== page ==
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1.
J Hosp Infect ; 115: 51-58, 2021 Sep.
Article in English | MEDLINE | ID: covidwho-1379144

ABSTRACT

BACKGROUND: Occurrence of hepatitis C virus (HCV) infection is reduced by effective risk management procedures, but patient-to-patient transmission continues to be reported in healthcare settings. AIM: To report the use of phylogenetic analysis in the clinical risk management of an HCV outbreak among 128 thalassaemia outpatients followed at a thalassaemia centre of an Italian hospital. METHODS: Epidemiological investigation and root-cause analysis were performed. All patients with acute hepatitis and known chronic infection were tested for HCV RNA, HCV genotyping, and NS3, NS5A, and NS5B HCV genomic region sequencing. To identify transmission clusters, phylogenetic trees were built for each gene employing Bayesian methods. FINDINGS: All patients with acute hepatitis were infected with HCV genotype 1b. Root-cause analysis, including a lookback procedure, excluded blood donors as the source of HCV transmission. The phylogenetic analysis, conducted on seven patients with acute infection and eight patients with chronic infection, highlighted four transmission clusters including at least one patient with chronic and one patient with acute HCV infection. All patients in the same cluster received a blood transfusion during the same day. Two patients with acute hepatitis spontaneously cleared HCV within four weeks and nine patients received ledipasvir plus sofosbuvir for six weeks, all achieving a sustained virological response. CONCLUSION: Combined use of root-cause analysis and molecular epidemiology was effective in ascertaining the origin of the HCV outbreak. Antiviral therapy avoided the chronic progression of the infection and further spread in care units and in the family environment.


Subject(s)
Hepatitis C , Thalassemia , Antiviral Agents/therapeutic use , Bayes Theorem , Disease Outbreaks , Genotype , Hepacivirus/genetics , Hepatitis C/epidemiology , Humans , Italy/epidemiology , Phylogeny , Risk Management , Thalassemia/complications , Thalassemia/epidemiology , Thalassemia/therapy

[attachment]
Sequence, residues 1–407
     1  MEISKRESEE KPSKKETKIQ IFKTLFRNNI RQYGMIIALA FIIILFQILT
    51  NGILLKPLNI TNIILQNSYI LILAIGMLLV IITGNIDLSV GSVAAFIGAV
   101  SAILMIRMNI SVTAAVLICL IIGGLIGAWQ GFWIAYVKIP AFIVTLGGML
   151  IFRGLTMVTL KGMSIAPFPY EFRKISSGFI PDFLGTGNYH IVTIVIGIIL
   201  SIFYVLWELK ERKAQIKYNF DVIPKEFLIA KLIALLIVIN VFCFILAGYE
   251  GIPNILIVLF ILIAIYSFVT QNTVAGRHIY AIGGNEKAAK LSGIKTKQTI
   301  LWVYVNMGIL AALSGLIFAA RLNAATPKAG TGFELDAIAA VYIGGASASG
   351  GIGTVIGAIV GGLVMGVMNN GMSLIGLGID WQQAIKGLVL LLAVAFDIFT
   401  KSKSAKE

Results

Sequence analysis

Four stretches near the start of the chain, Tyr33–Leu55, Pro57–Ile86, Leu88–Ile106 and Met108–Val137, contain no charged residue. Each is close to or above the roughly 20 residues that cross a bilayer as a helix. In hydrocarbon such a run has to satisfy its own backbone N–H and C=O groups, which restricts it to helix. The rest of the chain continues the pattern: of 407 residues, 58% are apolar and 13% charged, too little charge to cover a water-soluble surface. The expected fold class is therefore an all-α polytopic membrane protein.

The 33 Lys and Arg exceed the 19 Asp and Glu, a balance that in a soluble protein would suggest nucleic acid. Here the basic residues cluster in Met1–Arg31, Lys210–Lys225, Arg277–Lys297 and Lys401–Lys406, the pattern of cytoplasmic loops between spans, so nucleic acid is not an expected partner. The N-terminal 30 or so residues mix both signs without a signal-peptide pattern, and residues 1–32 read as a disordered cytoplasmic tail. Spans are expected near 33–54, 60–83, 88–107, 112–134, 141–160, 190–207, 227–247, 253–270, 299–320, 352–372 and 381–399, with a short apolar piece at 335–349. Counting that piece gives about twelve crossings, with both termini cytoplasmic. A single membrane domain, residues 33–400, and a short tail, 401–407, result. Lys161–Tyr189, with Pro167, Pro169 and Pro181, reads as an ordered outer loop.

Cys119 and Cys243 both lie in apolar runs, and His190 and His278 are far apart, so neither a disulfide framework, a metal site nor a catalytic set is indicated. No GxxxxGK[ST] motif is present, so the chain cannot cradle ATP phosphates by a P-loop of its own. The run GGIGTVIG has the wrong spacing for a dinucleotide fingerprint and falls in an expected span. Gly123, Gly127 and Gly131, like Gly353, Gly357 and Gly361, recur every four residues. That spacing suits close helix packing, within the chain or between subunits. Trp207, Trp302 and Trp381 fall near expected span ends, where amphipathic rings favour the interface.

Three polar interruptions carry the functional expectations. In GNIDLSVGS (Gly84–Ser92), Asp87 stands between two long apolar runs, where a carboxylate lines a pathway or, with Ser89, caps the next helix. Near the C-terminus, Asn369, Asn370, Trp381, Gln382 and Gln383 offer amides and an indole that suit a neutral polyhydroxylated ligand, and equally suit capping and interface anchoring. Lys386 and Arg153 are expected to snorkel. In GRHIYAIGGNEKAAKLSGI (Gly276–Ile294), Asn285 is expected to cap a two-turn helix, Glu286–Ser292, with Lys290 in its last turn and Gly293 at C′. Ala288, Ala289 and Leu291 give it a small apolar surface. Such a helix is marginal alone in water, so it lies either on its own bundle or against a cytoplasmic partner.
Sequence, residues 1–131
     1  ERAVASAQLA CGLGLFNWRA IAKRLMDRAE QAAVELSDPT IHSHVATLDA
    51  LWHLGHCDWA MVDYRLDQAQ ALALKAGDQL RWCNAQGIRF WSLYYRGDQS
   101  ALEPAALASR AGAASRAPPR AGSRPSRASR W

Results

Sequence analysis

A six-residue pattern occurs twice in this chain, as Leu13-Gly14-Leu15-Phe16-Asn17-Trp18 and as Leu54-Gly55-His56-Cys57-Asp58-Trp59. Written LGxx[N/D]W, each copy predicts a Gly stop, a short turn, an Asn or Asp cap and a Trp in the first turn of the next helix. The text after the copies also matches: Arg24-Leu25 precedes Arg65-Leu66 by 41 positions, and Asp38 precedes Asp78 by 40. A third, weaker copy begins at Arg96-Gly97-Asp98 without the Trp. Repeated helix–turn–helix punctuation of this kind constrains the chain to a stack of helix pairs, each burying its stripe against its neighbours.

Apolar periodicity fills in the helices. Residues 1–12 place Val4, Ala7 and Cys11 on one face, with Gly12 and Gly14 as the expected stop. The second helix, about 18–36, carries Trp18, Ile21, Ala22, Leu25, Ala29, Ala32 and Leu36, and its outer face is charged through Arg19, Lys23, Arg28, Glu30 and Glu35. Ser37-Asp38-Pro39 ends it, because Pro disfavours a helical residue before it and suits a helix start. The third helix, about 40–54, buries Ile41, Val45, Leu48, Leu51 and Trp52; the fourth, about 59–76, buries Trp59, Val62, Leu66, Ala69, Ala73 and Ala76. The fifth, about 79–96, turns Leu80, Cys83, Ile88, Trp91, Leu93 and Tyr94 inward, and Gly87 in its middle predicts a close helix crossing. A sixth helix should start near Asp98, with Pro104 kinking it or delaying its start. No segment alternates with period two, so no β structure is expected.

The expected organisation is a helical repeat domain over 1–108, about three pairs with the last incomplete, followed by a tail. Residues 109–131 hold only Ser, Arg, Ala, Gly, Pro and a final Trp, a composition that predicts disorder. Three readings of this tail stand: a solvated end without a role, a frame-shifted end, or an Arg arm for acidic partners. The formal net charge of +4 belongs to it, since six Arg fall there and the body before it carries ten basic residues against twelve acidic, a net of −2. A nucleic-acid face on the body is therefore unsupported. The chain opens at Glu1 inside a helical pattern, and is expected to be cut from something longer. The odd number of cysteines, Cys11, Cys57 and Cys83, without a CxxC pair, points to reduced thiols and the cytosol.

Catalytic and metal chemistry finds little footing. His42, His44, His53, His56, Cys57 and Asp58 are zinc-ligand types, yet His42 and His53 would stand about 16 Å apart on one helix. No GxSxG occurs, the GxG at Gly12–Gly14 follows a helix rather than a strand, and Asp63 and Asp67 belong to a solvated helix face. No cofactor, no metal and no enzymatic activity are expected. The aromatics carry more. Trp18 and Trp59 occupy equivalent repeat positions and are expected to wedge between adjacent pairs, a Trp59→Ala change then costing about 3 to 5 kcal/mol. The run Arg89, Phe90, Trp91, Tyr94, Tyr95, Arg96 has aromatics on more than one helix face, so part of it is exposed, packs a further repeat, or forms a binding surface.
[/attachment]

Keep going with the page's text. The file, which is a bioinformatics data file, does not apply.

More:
2.
EuroMediterranean Biomedical Journal ; 16(19):80-84, 2021.
Article in English | Scopus | ID: covidwho-1280734

ABSTRACT

In Italy, vaccination against COVID-19 began on December 27, 2020. To date, 13,713,224 people in Italy are fully vaccinated, which accounts for 25.3 % of the general population, and 44.8% received at least one vaccination dose. The present study aim to investigate willingness to receive COVID-19 vaccination in costumers accessing a sample of community pharmacies in the Province of Palermo, Italy. A self-administered and anonymous questionnaire was carried out among costumers older than 18 years old between December 2020 and March 2021. Three hundred and sixty-three subjects were enrolled in the study, 259 (71.3%) expressed their willingness to receive COVID-19 vaccination. The main determinants associated with vaccination acceptance resulted “trust in safety and effectiveness of vaccinations” and the absence of any previous negative vaccination experience. Unfavourable information on COVID-19 vaccination obtained through internet/media/social media and lack of confidence in COVID-19 vaccines and in the Italian national healthcare system are the main determinants associated with vaccine refusal. Male gender, younger age classes and influenza vaccination acceptance due to the impact of COVID pandemic were significantly associated with willingness to be vaccinated against COVID-19. In order to promote COVID-19 vaccination campaign accurate, informative and communicative campaign dedicated to subjects that are more hesitant regarding COVID-19 vaccination (e.g. female sex, adults, people that usually do not adhere to influenza vaccination campaign) should be implemented. © EuroMediterranean Biomedical Journal 2021.